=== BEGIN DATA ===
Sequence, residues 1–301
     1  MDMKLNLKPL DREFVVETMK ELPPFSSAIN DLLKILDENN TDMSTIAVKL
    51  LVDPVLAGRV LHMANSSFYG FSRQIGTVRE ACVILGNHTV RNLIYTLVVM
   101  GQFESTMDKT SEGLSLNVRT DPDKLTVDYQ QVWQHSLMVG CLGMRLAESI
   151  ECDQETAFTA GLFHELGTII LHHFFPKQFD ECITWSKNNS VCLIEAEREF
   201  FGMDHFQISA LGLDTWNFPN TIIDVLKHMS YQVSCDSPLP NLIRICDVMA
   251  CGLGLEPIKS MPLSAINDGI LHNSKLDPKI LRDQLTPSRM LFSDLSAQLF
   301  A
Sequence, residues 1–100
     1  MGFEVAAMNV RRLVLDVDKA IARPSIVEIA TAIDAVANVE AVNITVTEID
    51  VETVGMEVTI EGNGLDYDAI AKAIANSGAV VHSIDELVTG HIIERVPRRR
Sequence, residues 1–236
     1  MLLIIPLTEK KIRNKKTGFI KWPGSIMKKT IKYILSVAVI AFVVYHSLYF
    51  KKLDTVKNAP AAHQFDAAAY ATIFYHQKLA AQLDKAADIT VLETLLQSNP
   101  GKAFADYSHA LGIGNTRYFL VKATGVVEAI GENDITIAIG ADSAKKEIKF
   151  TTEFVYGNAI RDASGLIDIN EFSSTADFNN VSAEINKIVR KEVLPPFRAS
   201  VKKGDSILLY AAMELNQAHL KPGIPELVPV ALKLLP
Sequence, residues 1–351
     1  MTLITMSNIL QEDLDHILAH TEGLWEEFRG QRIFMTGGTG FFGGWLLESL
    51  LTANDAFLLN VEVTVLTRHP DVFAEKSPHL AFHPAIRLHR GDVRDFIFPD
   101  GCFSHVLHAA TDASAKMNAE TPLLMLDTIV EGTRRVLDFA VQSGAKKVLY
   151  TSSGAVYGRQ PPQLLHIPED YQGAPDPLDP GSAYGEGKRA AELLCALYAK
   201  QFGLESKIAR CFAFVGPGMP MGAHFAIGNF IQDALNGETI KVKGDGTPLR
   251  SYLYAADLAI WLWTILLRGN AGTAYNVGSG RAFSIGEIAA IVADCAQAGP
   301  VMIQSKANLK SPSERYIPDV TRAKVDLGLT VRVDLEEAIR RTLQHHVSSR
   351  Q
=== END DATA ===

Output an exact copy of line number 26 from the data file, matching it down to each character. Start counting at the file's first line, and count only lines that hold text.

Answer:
   351  Q